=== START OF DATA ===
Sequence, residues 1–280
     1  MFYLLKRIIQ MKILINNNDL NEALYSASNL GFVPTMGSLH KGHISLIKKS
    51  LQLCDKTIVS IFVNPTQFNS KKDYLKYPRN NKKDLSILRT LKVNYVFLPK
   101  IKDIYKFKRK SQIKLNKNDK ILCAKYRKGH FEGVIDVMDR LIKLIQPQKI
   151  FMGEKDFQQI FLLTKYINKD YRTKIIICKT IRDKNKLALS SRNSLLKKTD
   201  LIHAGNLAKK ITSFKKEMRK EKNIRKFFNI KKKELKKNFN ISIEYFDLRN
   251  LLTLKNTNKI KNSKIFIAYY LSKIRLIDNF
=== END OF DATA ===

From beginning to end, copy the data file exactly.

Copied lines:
Sequence, residues 1–280
     1  MFYLLKRIIQ MKILINNNDL NEALYSASNL GFVPTMGSLH KGHISLIKKS
    51  LQLCDKTIVS IFVNPTQFNS KKDYLKYPRN NKKDLSILRT LKVNYVFLPK
   101  IKDIYKFKRK SQIKLNKNDK ILCAKYRKGH FEGVIDVMDR LIKLIQPQKI
   151  FMGEKDFQQI FLLTKYINKD YRTKIIICKT IRDKNKLALS SRNSLLKKTD
   201  LIHAGNLAKK ITSFKKEMRK EKNIRKFFNI KKKELKKNFN ISIEYFDLRN
   251  LLTLKNTNKI KNSKIFIAYY LSKIRLIDNF